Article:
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Rwandans Remember Hundreds Of Thousands Of Genocide Victims


Just this past Friday, a federal jury in Boston convicted a Rwandan man of taking part in that country's genocide 25 years ago. This conviction comes as Rwanda, this week, marks the genocide that took the lives of more than 800,000 people, mostly from minority Tutsi tribe. NPR's Jackie Northam covered the genocide right from its opening days and joins me now. Hi, Jackie.


GREENE: Start with this federal courtroom in Boston. Who was this Rwandan man?

NORTHAM: His name is Jean Leonard Teganya and he's 48 years old. Federal prosecutors said he took part in the rapes and killings of Tutsis near a hospital in southern Rwandan town of Butare during the genocide. And Teganya was a medical student at the hospital at the time.

GREENE: So how does he go from carrying out attacks in Rwanda 25 years ago to a federal courtroom in the United States in 2019?

NORTHAM: Yeah. Towards the end of the genocide, Teganya, along with hundreds of other thousands of Rwandans, fled into what is now the Democratic Republic of Congo. In a number of years, he made his way to Canada. He was denied asylum there and was facing deportation, so he crossed into the U.S. and applied for asylum here.

Now, David, the Rwandan government has been very active in going after people who participated in the genocide and encourages countries to prosecute them, which is what the U.S. did in Teganya's case. But what's interesting is, the U.S. did not try Teganya for genocide. That's really difficult to prove. What they got him on was lying on his asylum application, when he said he did not take part in the genocide.

GREENE: What is it like personally for you? I mean, you were there in the three months while this genocide was taking place, covering the aftermath. I mean, to see someone connected to it 25 years later, still - now, today.

NORTHAM: Sure. I mean, I went in four days after the genocide started. And the first stop was Butare, which is where this fellow was from. And, you know, Rwanda, during the genocide, was horrific. Just the sheer scale of the brutality and the butchery is still hard to fathom. And it was extremely dangerous. So yeah, to sit in the courtroom in Boston, 25 years after the fact, and see someone who perpetrated some of these atrocities was unnerving.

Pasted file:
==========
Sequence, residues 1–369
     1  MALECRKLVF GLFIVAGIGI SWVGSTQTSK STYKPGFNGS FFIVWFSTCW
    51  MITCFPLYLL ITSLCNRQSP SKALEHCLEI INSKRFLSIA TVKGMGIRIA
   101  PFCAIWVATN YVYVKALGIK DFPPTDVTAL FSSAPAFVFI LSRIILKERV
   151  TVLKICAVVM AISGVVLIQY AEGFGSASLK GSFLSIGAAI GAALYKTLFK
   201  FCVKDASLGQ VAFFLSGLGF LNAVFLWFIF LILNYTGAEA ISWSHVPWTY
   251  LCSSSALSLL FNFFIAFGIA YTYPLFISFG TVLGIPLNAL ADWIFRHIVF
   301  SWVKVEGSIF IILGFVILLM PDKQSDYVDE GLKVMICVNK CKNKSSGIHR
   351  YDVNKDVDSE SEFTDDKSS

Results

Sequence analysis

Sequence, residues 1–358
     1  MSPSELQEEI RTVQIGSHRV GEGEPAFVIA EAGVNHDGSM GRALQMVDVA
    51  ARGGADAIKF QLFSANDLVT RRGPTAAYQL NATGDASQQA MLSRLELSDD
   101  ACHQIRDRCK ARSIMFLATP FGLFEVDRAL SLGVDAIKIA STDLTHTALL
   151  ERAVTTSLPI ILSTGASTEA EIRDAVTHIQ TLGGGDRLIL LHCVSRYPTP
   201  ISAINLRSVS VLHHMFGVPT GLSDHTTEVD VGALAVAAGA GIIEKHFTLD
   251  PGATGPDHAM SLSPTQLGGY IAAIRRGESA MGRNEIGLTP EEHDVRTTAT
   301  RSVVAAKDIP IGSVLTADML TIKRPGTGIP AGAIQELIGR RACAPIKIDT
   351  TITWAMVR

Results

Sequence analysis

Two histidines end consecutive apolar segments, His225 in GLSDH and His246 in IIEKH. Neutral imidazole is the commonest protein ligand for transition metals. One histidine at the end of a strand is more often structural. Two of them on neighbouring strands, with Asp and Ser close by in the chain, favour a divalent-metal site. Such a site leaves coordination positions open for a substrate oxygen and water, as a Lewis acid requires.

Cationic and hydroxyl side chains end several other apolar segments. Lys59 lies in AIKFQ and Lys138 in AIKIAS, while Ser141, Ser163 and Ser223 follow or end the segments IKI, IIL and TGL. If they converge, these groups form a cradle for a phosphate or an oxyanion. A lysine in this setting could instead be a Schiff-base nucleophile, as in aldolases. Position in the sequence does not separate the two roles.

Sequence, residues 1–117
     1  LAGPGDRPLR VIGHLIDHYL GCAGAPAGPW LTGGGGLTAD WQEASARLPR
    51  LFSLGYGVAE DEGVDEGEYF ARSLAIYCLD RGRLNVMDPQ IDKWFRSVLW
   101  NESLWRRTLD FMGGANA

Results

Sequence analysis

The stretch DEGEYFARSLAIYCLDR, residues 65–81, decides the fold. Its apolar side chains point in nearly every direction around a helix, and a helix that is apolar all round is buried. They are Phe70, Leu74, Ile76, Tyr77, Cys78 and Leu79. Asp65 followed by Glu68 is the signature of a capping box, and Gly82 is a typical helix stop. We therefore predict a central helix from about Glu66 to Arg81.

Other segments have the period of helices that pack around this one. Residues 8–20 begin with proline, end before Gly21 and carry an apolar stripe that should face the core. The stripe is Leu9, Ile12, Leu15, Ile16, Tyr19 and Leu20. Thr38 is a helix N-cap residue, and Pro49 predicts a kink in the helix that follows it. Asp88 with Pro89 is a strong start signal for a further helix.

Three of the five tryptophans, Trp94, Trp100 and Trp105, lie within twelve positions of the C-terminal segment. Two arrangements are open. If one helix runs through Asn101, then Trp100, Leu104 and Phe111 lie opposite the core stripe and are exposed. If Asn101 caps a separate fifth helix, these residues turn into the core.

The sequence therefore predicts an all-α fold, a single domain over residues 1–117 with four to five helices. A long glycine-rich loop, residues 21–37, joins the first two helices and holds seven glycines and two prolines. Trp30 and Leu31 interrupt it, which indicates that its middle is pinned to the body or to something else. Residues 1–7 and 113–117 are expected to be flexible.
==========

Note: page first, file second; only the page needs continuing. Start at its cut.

And Teganya took the stand and he was wearing a suit and tie. And he answered questions for several hours, saying, he was just trying to protect the Tutsis. But the jury deliberated less than three hours and convicted him.

GREENE: So Rwanda's going to be remembering this period now, 25 years later. Am I right? Isn't the story of Rwanda since then something incredibly positive? I mean, it's a peaceful country, it's been stable, grappling with this history. And there are even reports of victims or the families of victims living next door to people carried out some of the attacks. I mean, that's extraordinary.

NORTHAM: Yeah, that's right. I've talked to many people with human rights groups and people who study Rwanda, particularly after the genocide. And they say, one of the reasons that there has been this relative stability for so long is because the Rwandan government has tried to deliver accountability. They've gone after people responsible for the atrocities, even those who played an insignificant role.

And yeah, there are a number of accounts of people who have done their time, asked for forgiveness, and gone back to live into their communities. I find this remarkable, you know? I talked to one man after the genocide. He was in prison. And he had clubbed to death some of his very close neighbors. In fact, he was a godfather to one of their children. But that didn't stop him from killing them. And this was common during the genocide. So yeah, it's remarkable that there has been this level of reconciliation in Rwanda, this level of forgiveness.

GREENE: Jackie, thanks so much.

NORTHAM: Thank you, David.

GREENE: That's NPR's Jackie Northam, who covered something that should never be forgotten - the genocide in Rwanda 25 years ago.

(SOUNDBITE OF MUSIC) Transcript provided by NPR, Copyright NPR.

Jackie Northam is NPR's International Affairs Correspondent. She is a veteran journalist who has spent three decades reporting on conflict, geopolitics, and life across the globe - from the mountains of Afghanistan and the desert sands of Saudi Arabia, to the gritty prison camp at Guantanamo Bay and the pristine beauty of the Arctic.